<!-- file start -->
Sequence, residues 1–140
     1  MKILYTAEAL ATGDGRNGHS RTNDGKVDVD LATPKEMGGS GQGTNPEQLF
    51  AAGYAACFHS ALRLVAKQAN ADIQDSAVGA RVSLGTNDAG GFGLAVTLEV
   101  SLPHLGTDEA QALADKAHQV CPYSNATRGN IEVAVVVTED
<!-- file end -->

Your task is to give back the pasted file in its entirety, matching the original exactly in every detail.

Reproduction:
Sequence, residues 1–140
     1  MKILYTAEAL ATGDGRNGHS RTNDGKVDVD LATPKEMGGS GQGTNPEQLF
    51  AAGYAACFHS ALRLVAKQAN ADIQDSAVGA RVSLGTNDAG GFGLAVTLEV
   101  SLPHLGTDEA QALADKAHQV CPYSNATRGN IEVAVVVTED